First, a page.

One choice that Sandbank and others make, which has enormous consequences for the conclusions drawn, is that they completely opt out of research with so-called single-case designs, that is studies with only a few participants. They believe that such studies are not strict enough to be used in a meta-analysis. Furthermore, it should also be pointed out that studies with qualitative approaches have also been excluded.
Other choices they have made that also have consequences for their conclusions concern how studies are searched for in databases, the weight of different studies, the significance given to what the control group has done, what significance should be given how long an effort lasts and so on.
An additional choice with absolutely decisive consequences leaves Sandbank and others partly to the reader. That choice is about whether the conclusions of the meta-analysis should be based on all included studies (note that studies with single-case design have already been excluded) or only on those that live up to high methodological requirements.
When studies with a lower degree of methodological strictness are included, the behavioral interventions turn out to be significantly better than when only those who live up to high methodological requirements (randomized group designs where participants are randomly distributed among the intervention and control groups) are included. If, on the other hand, we set the methodological requirements for methodolgy very high, all studies will lapse!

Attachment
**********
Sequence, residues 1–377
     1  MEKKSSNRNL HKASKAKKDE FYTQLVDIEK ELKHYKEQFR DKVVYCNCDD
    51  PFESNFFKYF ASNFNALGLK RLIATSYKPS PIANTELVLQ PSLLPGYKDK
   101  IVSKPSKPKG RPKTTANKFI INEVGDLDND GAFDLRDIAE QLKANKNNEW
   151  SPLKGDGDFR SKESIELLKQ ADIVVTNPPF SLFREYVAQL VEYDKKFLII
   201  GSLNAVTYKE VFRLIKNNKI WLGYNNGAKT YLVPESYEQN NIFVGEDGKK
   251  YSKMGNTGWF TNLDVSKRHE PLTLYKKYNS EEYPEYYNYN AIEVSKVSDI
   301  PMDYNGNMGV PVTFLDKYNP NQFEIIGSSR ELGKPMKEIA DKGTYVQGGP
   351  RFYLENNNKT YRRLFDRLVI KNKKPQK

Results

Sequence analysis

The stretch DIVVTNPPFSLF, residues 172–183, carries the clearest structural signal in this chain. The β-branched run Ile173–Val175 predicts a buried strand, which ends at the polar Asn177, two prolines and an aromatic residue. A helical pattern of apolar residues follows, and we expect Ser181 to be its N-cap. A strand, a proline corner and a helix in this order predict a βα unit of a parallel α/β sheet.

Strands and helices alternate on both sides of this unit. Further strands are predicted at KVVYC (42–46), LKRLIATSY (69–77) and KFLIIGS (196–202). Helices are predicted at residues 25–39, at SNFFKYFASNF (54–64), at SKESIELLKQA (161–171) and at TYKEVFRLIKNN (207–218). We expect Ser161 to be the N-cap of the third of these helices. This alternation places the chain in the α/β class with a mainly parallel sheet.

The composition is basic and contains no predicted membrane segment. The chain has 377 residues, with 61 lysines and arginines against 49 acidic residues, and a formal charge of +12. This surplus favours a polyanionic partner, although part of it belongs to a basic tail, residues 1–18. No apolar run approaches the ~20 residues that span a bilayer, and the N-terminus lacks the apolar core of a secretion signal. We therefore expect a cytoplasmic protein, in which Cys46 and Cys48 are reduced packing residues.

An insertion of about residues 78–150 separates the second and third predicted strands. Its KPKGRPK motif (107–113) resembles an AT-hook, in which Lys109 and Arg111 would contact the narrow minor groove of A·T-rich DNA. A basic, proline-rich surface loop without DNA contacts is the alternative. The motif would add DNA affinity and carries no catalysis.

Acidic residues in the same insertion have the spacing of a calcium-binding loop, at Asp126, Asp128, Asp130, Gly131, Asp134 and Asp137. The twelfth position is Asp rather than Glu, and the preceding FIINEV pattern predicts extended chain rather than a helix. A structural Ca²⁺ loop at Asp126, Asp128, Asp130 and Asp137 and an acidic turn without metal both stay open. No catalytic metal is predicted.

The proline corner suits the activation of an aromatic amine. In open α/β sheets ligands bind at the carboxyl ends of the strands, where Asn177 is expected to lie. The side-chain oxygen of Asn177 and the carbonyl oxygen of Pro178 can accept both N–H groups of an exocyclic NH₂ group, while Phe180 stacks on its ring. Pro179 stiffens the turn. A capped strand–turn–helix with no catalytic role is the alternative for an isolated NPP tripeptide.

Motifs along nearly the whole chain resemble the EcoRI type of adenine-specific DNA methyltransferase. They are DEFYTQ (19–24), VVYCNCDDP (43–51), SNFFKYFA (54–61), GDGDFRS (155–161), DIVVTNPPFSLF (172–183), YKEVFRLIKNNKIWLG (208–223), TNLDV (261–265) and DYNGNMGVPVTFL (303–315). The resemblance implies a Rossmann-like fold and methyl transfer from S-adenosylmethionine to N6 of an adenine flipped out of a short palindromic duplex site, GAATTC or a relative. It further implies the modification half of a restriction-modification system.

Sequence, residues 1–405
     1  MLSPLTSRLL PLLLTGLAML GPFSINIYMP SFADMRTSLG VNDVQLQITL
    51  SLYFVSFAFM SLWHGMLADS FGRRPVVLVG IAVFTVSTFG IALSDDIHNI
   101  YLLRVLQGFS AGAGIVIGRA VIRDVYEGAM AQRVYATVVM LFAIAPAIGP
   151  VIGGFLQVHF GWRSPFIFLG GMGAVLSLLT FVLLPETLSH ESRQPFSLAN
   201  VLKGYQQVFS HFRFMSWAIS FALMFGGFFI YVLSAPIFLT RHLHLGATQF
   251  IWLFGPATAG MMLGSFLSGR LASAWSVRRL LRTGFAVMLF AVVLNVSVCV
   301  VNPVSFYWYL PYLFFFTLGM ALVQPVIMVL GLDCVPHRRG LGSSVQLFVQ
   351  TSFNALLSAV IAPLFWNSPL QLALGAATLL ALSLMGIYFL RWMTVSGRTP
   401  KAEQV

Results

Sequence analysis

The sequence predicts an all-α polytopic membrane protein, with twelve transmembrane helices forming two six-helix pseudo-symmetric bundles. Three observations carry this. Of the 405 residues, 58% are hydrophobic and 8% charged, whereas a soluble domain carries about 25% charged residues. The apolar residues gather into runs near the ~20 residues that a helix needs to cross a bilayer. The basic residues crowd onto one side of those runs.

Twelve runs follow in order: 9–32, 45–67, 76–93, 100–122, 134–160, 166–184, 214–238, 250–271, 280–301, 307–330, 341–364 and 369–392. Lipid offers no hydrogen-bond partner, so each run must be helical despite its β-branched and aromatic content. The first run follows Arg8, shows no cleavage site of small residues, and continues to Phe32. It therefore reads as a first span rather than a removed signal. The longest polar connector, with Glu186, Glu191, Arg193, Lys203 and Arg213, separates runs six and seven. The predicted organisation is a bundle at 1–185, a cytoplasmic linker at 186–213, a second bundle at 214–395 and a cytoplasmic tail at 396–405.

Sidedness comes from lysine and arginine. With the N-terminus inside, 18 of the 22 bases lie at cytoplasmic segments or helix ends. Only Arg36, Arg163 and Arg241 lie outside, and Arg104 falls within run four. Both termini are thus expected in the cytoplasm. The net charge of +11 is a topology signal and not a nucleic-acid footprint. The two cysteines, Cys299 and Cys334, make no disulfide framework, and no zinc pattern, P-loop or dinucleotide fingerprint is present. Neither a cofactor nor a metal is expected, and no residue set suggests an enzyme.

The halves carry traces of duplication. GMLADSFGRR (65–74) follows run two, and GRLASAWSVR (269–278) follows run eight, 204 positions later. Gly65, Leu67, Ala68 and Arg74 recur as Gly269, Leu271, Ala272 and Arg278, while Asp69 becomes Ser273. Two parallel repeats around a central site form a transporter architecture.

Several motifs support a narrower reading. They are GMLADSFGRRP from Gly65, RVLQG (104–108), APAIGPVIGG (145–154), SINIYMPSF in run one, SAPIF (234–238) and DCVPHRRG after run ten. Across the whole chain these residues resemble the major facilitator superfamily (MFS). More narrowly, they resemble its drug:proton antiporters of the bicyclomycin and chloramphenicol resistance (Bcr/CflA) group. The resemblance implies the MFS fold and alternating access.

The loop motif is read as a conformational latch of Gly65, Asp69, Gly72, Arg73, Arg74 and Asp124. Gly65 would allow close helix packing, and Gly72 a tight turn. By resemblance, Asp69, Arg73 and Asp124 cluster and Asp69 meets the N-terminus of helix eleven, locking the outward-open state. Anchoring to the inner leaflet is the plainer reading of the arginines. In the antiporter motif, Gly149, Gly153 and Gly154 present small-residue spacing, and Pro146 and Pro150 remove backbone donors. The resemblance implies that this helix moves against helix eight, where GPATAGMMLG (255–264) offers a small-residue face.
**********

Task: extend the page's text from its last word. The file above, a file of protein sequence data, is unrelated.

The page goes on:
Compiling evidence - the importance of the question being asked
What evidence is found has further to a large extent also to do with how the question about evidence is posed. In the analysis referred to here, the question is which interventions are effective for children with autism. This means that the special nature in the form of the medical diagnosis has been taken as a starting point for the overview.